over50

We may look much younger than we really are. We may be in good health and show it. We may move briskly and upright ... but we forget that when we speak, our vocabulary, our phraseology, give away our age.
I'm Skyping with my friend Marie the other day, and as we're solving the world's problems, the subject turns to the upcoming May 8 holiday celebrating moms. We're both moms of now-adult children, so it makes us a bit reflective on the subject.
Men, please, before you demand that a woman be grateful for your unprovoked commentary on her presence or validate you by responding, consider that this is about your needs, your wishes, your demands. It's your problem, not hers.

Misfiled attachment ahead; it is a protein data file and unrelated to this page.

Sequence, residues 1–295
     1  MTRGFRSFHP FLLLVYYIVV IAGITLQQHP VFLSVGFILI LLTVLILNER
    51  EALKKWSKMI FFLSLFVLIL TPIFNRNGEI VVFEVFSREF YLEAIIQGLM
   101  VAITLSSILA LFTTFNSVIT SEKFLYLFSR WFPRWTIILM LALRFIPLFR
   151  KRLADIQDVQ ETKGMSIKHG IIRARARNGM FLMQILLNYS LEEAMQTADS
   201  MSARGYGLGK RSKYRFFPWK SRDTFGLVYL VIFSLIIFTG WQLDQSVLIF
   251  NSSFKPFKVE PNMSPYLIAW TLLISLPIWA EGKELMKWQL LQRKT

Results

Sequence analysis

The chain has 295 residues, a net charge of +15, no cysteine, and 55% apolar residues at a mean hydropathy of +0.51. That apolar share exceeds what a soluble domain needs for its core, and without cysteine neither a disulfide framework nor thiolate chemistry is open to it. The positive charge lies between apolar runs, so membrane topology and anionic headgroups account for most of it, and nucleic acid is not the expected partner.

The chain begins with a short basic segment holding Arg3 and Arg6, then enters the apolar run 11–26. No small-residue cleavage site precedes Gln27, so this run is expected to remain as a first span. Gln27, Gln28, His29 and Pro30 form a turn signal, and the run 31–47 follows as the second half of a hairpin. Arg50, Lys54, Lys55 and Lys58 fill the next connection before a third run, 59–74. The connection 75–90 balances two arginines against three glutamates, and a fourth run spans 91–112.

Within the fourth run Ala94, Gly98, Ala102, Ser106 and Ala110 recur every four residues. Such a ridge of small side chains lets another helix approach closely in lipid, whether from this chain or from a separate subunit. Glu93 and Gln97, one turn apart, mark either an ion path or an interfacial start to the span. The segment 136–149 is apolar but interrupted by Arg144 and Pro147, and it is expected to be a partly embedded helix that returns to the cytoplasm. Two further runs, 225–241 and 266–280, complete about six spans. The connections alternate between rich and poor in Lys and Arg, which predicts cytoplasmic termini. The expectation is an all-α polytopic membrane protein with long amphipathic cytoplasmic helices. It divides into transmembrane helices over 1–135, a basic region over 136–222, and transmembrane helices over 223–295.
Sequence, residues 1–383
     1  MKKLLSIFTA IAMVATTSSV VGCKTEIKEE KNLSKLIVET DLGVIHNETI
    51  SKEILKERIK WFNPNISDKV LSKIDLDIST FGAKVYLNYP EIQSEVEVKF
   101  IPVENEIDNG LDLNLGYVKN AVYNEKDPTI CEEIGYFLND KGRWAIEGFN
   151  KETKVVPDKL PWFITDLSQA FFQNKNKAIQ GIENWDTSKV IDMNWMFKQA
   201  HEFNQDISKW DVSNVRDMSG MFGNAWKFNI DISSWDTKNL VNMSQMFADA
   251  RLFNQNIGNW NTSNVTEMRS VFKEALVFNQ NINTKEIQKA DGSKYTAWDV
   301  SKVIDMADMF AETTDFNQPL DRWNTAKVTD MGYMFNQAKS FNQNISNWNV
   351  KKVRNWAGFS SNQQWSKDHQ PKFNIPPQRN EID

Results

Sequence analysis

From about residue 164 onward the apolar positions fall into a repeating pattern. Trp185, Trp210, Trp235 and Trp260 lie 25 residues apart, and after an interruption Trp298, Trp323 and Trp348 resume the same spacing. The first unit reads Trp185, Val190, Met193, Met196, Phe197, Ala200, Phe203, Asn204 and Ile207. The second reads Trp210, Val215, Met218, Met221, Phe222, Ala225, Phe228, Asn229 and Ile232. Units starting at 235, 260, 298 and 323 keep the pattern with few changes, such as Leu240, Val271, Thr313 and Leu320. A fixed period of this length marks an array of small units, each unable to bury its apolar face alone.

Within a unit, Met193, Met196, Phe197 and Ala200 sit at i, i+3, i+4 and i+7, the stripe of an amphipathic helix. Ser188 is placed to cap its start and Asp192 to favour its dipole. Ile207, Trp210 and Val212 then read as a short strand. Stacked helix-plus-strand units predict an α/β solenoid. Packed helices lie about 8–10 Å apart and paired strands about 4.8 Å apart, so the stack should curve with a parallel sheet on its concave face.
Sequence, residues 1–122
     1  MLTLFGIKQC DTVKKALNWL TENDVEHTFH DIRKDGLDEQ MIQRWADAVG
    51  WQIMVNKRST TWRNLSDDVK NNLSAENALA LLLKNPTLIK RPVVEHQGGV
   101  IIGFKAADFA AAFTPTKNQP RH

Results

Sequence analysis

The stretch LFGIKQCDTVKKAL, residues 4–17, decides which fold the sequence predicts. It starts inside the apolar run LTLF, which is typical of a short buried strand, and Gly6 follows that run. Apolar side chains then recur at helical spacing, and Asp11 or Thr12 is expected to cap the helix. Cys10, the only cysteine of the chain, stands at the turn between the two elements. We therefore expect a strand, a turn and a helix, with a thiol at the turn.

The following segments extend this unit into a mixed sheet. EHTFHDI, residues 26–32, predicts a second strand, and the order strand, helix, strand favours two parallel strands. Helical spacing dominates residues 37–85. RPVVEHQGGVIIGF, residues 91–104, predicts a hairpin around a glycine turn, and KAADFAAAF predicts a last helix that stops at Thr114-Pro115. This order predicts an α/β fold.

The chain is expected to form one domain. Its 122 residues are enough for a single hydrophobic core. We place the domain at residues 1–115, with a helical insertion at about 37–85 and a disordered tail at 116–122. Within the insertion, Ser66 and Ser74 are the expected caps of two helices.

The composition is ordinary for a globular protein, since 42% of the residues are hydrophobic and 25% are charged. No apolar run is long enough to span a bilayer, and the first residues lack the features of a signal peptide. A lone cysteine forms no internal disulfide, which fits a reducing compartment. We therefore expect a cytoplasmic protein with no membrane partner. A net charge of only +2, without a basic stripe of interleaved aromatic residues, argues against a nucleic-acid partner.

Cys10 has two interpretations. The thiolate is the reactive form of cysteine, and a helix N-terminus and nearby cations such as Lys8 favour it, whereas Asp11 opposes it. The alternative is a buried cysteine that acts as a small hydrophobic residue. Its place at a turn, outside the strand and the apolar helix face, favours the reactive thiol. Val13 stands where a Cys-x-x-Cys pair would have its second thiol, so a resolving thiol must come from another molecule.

Grandma and Grandpa have some stern advice for the younger generation: learn from their mistakes. Now that they've reached retirement, they're finding that a lack of funds is their biggest dissatisfaction, and they strongly urge younger Americans to open a 401(k) or IRA as soon as possible and fund it as much as possible.
How you look and feel in your fifties is usually the result of how you've been treating yourself since you were a young girl. I've committed my fair share of sins such as sunbathing without sunscreen (blisters on my shoulders and a peeled nose were to be expected every single summer as a kid), indulging in too much "Happy Hour" and extreme dieting.
So much for the conventional wisdom of downsizing your home when you retire. A huge percentage of families are moving into bigger homes -- many to make room for adult children who didn't fare so well during the recent recession.
Sneaking out to get a tattoo is something you might expect from a teenager -- not a 79-year-old grandma. So you can imagine